I didn’t plan 28 tracks anyway. The word “Epic” conjures up images of an enduring, impressive, meaningful voyage full of great achievements and courageous heroic events. I think there is a note-able lack of meaning and integrity in a lot of current music, the lack of which is so easy to accomplish. Whereas it is a definite requirement in my style of writing, so I would have to say that to have my album described as being epic is both a welcome complement and an intention achieved. So thank you.

Did you have any qualms about putting out such a large release?

Not really. I know it’s unheard of to have a 28 track debut double album, but following convention is not my style in anything I do, just  as it isn’t in my music. The only thing that came into my head was people thinking ”Who does this guy think he is”? But if the songs are all good, and it costs much the same as a single album, then a double album to me is a bonus and tells a bigger picture, leaving a bigger impression, especially for a debut.  I had a few reasons. Firstly I had all these songs recorded at the same time as a project that seemed to belong together. I didn’t want to separate them from each other. I thought they were all equally good enough to belong as a collective. In fact they seem to follow on from each other on the discs as you listen, like pages in a book, as if destined to co-exist. I also wanted to be rid of them and release them all from me, to go out into the world and be finally heard, since some had been with me for a long time. I also wanted to be able to start totally afresh with new ideas for my next album, without re-visiting old tracks yet again. And on top of all this, I like to do things a little different to the standard. I thought that if it’s too much for someone to listen to, then they can just listen to half of it if they want..(if they can )! 😉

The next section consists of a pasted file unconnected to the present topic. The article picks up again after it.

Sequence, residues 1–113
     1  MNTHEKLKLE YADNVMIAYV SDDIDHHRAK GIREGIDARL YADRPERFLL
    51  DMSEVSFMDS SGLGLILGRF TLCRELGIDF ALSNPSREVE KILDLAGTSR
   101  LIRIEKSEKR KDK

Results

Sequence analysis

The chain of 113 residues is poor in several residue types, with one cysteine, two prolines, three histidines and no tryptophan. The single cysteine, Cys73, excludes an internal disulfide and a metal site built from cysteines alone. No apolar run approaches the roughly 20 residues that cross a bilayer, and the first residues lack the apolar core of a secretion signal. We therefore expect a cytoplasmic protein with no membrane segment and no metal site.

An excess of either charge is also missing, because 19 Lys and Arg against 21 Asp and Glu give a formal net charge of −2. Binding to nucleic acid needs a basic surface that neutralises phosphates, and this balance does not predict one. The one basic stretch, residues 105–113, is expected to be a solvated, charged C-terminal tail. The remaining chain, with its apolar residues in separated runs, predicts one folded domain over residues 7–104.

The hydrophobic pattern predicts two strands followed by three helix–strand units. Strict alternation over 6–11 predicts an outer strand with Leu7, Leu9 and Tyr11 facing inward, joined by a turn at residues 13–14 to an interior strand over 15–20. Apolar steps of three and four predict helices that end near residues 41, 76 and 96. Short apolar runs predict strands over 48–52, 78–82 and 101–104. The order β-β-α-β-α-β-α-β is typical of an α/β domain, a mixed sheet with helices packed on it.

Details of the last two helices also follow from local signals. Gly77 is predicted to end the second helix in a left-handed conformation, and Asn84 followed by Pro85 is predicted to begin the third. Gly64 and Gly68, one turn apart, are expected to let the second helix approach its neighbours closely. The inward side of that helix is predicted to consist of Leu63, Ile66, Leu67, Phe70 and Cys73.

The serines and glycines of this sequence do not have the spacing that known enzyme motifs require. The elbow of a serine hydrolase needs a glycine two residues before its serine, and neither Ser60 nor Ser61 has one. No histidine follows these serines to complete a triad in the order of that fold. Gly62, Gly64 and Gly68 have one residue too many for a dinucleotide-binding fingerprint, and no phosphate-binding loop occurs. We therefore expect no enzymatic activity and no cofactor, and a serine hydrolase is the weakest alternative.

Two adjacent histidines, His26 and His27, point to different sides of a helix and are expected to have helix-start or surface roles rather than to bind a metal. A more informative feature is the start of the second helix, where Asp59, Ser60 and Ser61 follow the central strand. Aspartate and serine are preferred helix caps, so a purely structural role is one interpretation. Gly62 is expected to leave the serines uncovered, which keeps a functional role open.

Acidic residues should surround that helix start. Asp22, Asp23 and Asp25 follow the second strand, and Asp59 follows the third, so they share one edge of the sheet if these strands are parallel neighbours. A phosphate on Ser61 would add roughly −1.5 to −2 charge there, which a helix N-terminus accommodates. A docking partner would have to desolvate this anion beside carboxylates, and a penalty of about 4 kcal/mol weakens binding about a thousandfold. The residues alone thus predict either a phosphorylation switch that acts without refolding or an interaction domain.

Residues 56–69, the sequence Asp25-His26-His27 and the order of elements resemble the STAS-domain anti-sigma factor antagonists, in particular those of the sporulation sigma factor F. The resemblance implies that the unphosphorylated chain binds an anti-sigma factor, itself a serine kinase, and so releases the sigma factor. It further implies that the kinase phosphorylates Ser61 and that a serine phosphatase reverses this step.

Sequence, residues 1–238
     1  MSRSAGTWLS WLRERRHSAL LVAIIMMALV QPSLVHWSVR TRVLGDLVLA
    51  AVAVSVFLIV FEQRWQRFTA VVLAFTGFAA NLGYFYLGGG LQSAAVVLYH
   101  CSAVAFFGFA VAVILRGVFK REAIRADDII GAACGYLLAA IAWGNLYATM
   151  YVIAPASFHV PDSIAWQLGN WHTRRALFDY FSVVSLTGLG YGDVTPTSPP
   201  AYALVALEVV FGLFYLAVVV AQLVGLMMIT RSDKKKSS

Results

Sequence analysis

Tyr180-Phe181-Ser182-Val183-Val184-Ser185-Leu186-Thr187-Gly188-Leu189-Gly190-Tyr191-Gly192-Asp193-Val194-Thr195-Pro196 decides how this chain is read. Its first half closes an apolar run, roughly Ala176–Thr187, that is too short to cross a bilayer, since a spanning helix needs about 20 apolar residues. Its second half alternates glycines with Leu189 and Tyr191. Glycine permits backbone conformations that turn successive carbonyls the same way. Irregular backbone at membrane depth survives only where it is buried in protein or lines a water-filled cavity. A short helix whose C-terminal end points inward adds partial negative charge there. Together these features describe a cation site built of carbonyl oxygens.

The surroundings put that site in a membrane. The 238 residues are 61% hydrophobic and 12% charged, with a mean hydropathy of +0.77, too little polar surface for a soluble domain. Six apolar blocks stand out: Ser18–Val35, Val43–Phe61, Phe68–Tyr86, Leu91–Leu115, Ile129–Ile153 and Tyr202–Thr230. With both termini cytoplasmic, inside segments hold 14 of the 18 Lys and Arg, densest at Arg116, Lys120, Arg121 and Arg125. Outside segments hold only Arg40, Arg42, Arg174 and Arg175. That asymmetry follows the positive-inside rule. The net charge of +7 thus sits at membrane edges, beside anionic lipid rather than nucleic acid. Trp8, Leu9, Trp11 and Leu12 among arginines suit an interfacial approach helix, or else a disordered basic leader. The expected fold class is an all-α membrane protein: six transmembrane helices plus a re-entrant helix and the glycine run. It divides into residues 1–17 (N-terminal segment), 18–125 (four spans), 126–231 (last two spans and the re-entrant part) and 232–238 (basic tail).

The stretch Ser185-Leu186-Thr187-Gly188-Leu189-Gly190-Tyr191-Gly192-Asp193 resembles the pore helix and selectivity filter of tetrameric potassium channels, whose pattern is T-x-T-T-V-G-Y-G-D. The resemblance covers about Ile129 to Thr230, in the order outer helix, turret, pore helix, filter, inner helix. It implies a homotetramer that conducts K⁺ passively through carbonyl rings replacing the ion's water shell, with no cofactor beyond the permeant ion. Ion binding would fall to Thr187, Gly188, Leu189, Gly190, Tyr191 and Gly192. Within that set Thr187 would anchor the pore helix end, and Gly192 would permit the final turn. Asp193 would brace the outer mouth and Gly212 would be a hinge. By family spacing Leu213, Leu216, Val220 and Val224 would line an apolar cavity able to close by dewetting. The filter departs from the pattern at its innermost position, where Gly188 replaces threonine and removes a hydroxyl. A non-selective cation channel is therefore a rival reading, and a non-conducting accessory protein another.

The tracks seem quite personal is that the case?

Yes, a song has to have some personal element or connection with me, although it is often disguised in a way that could be interpreted in many different ways with no direct obvious meaning. Some tracks that seem to mean one simple thing in fact mean something more intricate and some tracks that seem to be un-decipherable are actually about very simple, obvious themes.  I like to keep the listeners thinking and guessing about Lyrics. I don’t see the point of writing about anything that has no personal attachment what-so-ever or that is void of any significant meaning. I think an audience can connect better to that which comes from inside, rather than hearing repeated, the same thing they’ve heard a thousand times before. There’s a lot of blandness inherent in popular music lyrics that has no purpose. Maybe I’m too much of a thinker, but the intrigue-less and un-imaginative has no stimulation for me and it doesn’t suit my style.

Is there an element of releasing demons or the songs bringing a kind of closure to things?

I never seem to write a song about just one idea. It’s always a collection of thoughts from many different experiences and fantasies that relate and connect with each other to mix and form into a particular theme of a song. These can often include demons that we all have and a certain closure to some un-resolved, un-explained occurrences and personal experiences.   Lyrically it’s essentially a way to express my  feelings , thoughts and observations in a way that paints images into the mind of the listener in order to get them to try and figure out what meanings my particular combination of words visually suggest to them.  That makes it a more personal experience for them too. But I have referenced certain of my own demons in this album, in places, as a way to release them from me in a positive way, to empty myself for future chapters to fill me. The title of the album is also purposely misleading. It is actually an optimistic collection of very confident, positive and logical thoughts.

Musical though the album is melodic metal it does have a wonderful diversity to it taking flavours from varied subgenres, what are your biggest influences which impacted on your songwriting the most?